Information sources

Argus, G.W., K.M. Pryer, D.J. White and C.J. Keddy (eds.). 1982-1987. Atlas of the Rare Vascular Plants of Ontario. Botany Division, National Museum of National Sciences, Ottawa.

Brodribb, K.E., and M.J. Oldham. 2001. COSSARO Candidate V, T, E Species Evaluation Form for Dense Blazing Star (Liatris spicata). Committee on the Status of Species At Risk in Ontario. February 2001, updated April 2001. 12 pp.

Cochrane, T.S., and H.H. Iltis. 2000. Atlas of the Wisconsin Prairie and Savanna Flora. Technical Bulletin No. 191, Department of Natural Resources, Madison, Wisconsin. 226 pp.

COSEWIC. 2010. Update COSEWIC Status Report on Dense Blazing Star Liatris spicata. Committee on the Status of Endangered Wildlife in Canada, Ottawa. Two-month Interim Report (February 2010). 24 pp.

Fisher, T.R. 1988. The Dicotyledoneae of Ohio. Part 3: Asteraceae. Ohio State University Press, Columbus. 280 pp.

Harvill, Jr., A.M., T.R. Bradley and C.E. Stevens. 1981. Atlas of the Virginia Flora. Part Ⅱ: Dicotyledons. Virginia Botanical Associates, Farmville, Virginia. 148 pp.

Magee, D.W., and H.E. Ahles. 1999. Flora of the Northeast: a Manual of the Vascular Flora of New England and Adjacent New York. University of Massachusetts Press, Amherst, Massachusetts. 1213 pp.

Mohlenbrock, R.H., and D.M. Ladd. 1978. Distribution of Illinois Vascular Plants. Southern Illinois University Press. 289 pp.

NatureServe. 2010. NatureServe Explorer: An online encyclopedia of life [web application]. Version 7.1. NatureServe, Arlington, Virginia. Available (Accessed: May 28, 2010).

Rodger, L. 1998. Tallgrass Communities of Southern Ontario: A Recovery Plan. World Wildlife Fund Canada, Toronto. 66 pp.

Scoggan, H.J. 1979. The Flora of Canada. Part 4: Dicotyledoneae (Loasaceae to Compositae). Publications in Botany No. 7(4). National Museum of Natural Sciences, Ottawa. 594 pp.

Voss, E.G. 1996. Michigan Flora: A Guide to the Identification and Occurrence of the Native and Naturalized Seed-Plants of the State. Part Ⅲ: Dicots (Pyrolaceae - Compositae). Cranbrook Institute of Science and University of Michigan Herbarium, Ann Arbor. 622 pp.

Wherry, E.T., J.M. Fogg, Jr. and H.A. Wahl. 1979. Atlas of the Flora of Pennsylvania. Morris Arboretum, University of Pennsylvania, Philadelphia. 390 pp.

Wild Species, 2005. General Status Search Tool. []. (Accessed May 28, 2010).

Appendix 1

Northeastern North America rank, status and decline

CTSNR (not ranked; NatureServe 2010). Magee and Ahles (1999) mention it from a single CT county (Fairfield) and suggest it is introduced from further south and west. Considered non native to CT for the purposes of this evaluation.
DES1 (NatureServe 2010).
ILSNR (not ranked; NatureServe 2010). Mapped from 20 IL counties by Mohlenbrock and Ladd (1978) and considered not of conservation concern for the purposes of this assessment.
INSNR (not ranked; NatureServe 2010).
IASNR (not ranked; NatureServe 2010).
KYS4 (NatureServe 2010).
MASNR (not ranked; NatureServe 2010). Magee and Ahles (1999) mention it from a single MA county (Middlesex) and suggest it is introduced from further south and west. Considered non native to MA for the purposes of this evaluation.
MBNot present (NatureServe 2010).
MDS1 (NatureServe 2010).
MENot present (NatureServe 2010).
MISNR (not ranked; NatureServe 2010). Widespread in southern Lower Peninsula of MI; mapped from 26 MI counties (Voss, 1996); considered not of conservation concern for the purposes of this assessment.
MNNot present (NatureServe 2010).
NBNot present (NatureServe 2010).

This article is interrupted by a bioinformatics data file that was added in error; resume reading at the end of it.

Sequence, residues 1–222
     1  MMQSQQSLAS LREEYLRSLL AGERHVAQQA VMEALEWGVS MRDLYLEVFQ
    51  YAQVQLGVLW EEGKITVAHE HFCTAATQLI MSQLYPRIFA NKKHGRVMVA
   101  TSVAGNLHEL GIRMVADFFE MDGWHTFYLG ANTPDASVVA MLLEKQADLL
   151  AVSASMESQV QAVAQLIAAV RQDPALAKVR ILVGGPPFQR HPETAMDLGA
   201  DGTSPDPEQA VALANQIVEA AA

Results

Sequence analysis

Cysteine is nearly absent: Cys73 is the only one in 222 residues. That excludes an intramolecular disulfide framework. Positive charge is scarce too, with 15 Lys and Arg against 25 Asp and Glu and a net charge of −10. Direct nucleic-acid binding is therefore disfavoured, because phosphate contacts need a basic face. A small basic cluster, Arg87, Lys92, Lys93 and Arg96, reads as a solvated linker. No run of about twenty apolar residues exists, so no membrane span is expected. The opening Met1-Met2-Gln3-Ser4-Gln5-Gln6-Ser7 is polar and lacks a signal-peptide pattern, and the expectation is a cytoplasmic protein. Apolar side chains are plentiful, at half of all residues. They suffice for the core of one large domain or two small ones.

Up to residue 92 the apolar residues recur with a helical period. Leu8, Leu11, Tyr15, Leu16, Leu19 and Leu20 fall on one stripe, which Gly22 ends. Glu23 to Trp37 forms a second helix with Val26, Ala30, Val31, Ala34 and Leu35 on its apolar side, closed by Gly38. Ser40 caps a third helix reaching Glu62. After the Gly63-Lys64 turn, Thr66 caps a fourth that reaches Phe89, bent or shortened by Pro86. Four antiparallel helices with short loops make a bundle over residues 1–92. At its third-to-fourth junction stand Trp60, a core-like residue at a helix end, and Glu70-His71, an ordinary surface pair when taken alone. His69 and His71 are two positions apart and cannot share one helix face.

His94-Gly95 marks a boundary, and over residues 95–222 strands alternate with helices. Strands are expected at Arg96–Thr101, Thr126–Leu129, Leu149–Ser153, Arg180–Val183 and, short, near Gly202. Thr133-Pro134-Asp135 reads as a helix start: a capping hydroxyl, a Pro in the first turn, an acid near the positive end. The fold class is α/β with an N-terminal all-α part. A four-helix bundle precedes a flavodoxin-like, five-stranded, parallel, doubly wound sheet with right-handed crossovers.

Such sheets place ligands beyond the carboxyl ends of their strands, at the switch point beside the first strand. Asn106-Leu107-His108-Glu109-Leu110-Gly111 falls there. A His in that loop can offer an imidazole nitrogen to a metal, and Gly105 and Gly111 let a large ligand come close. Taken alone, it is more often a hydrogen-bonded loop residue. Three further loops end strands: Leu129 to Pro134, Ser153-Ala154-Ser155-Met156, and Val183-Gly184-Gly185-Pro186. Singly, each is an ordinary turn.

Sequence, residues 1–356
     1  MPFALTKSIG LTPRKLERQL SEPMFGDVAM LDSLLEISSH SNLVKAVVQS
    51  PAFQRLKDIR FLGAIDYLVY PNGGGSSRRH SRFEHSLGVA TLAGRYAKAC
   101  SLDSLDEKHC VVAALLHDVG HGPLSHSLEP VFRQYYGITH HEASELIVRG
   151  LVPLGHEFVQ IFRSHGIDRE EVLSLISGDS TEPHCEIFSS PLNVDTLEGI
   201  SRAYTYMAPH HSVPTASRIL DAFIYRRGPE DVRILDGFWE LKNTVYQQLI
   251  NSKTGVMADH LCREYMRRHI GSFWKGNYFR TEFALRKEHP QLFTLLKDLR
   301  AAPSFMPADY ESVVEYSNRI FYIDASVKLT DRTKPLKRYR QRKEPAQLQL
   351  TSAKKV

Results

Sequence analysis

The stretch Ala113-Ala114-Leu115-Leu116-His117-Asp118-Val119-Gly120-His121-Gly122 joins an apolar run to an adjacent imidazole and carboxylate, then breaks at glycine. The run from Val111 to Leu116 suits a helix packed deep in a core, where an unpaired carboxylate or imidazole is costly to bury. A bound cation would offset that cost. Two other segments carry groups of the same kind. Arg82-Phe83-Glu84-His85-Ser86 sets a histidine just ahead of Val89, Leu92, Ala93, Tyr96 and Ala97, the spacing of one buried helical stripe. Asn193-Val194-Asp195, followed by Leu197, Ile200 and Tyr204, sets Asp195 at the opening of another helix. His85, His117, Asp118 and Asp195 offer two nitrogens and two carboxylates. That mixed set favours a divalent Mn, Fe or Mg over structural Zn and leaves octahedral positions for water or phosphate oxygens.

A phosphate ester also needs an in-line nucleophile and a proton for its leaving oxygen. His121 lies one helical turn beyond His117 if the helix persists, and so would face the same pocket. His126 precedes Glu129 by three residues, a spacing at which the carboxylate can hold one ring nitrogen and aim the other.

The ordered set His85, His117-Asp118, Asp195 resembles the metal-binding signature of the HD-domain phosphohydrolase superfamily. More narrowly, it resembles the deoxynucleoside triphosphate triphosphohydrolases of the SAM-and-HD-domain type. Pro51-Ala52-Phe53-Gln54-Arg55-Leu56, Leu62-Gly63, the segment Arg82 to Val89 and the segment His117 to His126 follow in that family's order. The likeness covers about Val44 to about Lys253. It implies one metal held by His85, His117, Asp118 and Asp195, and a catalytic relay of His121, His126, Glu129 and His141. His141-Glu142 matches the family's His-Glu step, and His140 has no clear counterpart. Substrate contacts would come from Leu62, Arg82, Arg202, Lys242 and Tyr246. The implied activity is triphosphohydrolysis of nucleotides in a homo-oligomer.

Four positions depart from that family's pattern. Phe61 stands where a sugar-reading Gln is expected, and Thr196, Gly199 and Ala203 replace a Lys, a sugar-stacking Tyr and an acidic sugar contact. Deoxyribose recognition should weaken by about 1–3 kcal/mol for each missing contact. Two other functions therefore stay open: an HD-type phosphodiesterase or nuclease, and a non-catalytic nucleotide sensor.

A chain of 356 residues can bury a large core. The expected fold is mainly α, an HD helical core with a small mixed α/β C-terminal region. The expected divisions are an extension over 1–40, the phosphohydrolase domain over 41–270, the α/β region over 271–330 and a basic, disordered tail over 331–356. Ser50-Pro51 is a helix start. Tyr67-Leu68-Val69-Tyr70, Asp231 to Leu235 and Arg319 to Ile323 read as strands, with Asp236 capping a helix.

NFNot present (NatureServe 2010).
NJSNR (not ranked; NatureServe 2010).
NSNot present (NatureServe 2010).
NYSNA (exotic; NatureServe 2010).
NYSNR (not ranked; NatureServe 2010). Widespread; mapped from 24 OH counties (Fisher 1988); considered not of conservation concern for the purposes of this assessment.
ONS2 (NatureServe 2010).
PASNR (not ranked; NatureServe 2010). About 50 dots, mainly in SE part of state (Wherry et al. 1979); considered not of conservation concern for the purposes of this assessment.
PENot present (NatureServe 2010).
QCSNA (exotic; NatureServe 2010). One record; introduced (Scoggan 1979).
RINot present (NatureServe 2010).
VAS4 (NatureServe 2010). Mapped from 24 counties by Harvill et al. (1981).
VTNot present (NatureServe 2010).
WIS3 (NatureServe 2010). Threatened in WI (Argus et al. 1982-1987). Special Concern status in WI (Cochrane and Iltis 2000). "A rare and beautiful species …. Although once locally abundant, it is now probably threatened, because its habitat is all but swallowed up by agriculture and development….much in demand by gardeners and florists, who use it in bouquets." (Cochrane and Iltis 2000).
WVS3 (NatureServe 2010).
  • occurs natively in 14 of 27 northeastern jurisdictions (exotic in 4 others) SRANK or equivalent information available for 11 of 14 jurisdictions (79%) S1, S2, SH, or SX in 3 of 14 jurisdictions (21%)

Part 2: Ontario evaluation using COSEWIC criteria

Regional (Ontario) COSEWIC criteria assessment

Criterion A – declining population

No. Much of the historical population decline is beyond the time frame to qualify for this criterion. Population trend over the last 3 generations for most populations is unknown or below threshold levels.

Criterion B – small distribution and decline or fluctuation

Threatened (B1ab(ii,iii,iv,v)+B2ab(ii,iii,iv,v)). EO and IAO within criterion limits and with possibly only 10 extant locations with no severe fragmentation but declines in IAO, area and quality of habitat, number of populations and mature individuals have occurred.

Criterion C – small population size and decline

No. The number of Dense Blazing Star plants in Ontario is estimated to be roughly 60,000 to 70,000 mature individuals (COSEWIC 2010).

Criterion D – very small or restricted

No. Population size and IAO above criterion limits.

Criterion E – quantitative analysis

No. No quantitative analysis available.

Rescue Effect

Unlikely. Although this species is wind dispersed, it is unlikely that an immigrant propagule would be able to establish itself on suitable habitat, given the rarity and fragmented distribution of prairie and savannah communities in Ontario.